College football: Mack Brown says Texas didn’t push him out

By Jim Vertuno
Associated Press  • 
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Jack Plunkett | Associated Press
“The standard is really high here,” Mack Brown said yesterday at a campus news conference to explain his decision to step down as coach at Texas. “We set a standard at this place. You’d better win all of them. I understand that.”

AUSTIN, Texas — For a decade, Mack Brown and the Texas Longhorns won more games than almost any other program in the nation.

It was the inability to meet those lofty expectations over the past four years that pushed Brown to resign after 16 years, ending an era that included a national championship following the 2005 season.

“The standard is really high here,” Brown said yesterday at a campus news conference to explain his decision. “We set a standard at this place. You’d better win all of them. I understand that. … The standard is really high here and I’m proud of being part of setting that standard.”

From 2000 to ’09, Brown’s teams averaged more than 10 victories a season, won two Big 12 titles, won a national title and played for another. But the program dipped to 5-7 in 2010, Brown’s only losing season, and the Longhorns have lost at least four games for four consecutive years.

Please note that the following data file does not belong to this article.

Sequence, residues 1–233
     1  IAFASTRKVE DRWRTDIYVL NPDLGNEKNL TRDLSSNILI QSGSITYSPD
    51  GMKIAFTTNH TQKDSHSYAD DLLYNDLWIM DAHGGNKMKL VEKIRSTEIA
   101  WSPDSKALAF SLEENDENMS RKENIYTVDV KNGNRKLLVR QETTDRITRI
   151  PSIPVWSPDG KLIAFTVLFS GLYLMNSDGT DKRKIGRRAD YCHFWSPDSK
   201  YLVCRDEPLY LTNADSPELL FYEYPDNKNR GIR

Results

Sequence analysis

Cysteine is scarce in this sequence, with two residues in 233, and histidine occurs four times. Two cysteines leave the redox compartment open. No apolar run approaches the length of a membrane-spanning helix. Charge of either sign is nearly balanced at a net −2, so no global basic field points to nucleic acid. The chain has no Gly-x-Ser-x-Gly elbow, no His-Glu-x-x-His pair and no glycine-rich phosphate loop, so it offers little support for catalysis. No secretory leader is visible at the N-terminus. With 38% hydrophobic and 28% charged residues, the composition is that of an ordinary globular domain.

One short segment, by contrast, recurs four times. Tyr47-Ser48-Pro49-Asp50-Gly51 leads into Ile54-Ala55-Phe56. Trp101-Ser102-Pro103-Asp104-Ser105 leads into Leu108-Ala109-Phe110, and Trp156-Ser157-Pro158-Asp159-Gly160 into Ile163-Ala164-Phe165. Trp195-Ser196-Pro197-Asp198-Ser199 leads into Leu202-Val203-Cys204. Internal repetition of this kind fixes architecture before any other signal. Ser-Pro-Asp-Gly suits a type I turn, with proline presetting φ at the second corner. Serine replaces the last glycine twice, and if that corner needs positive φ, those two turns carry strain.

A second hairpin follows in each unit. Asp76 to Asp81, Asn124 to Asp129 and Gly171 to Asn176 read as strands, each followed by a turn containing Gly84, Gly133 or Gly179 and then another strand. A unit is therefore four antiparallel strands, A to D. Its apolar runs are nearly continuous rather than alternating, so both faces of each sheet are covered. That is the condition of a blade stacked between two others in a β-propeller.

Brown said he knew that wasn’t good enough. His final game will be the Dec. 30 Alamo Bowl against Oregon.

Brown was under contract until 2020 with a salary at more than $5 million a year. He will stay on as a special consultant to president Bill Powers, a role that his contract stipulates would pay him up to $500,000.

Brown met with Powers and athletic director Steve Patterson on Friday to discuss his future. Brown said both told him he could stay, but after sleeping on it Friday night and talking it over with his wife, he decided it was the right time to resign.

“I felt like I could stay,” Brown said. “I really felt like it wasn’t best for the university to stay.”

Powers said he was not pressured by the school’s board of regents to push Brown out of the job.

“I was not given any direction at all from any regent,” Powers said.

The search to replace Brown begins almost immediately, but Powers and Patterson gave few hints as to who might be on a list of potential candidates.

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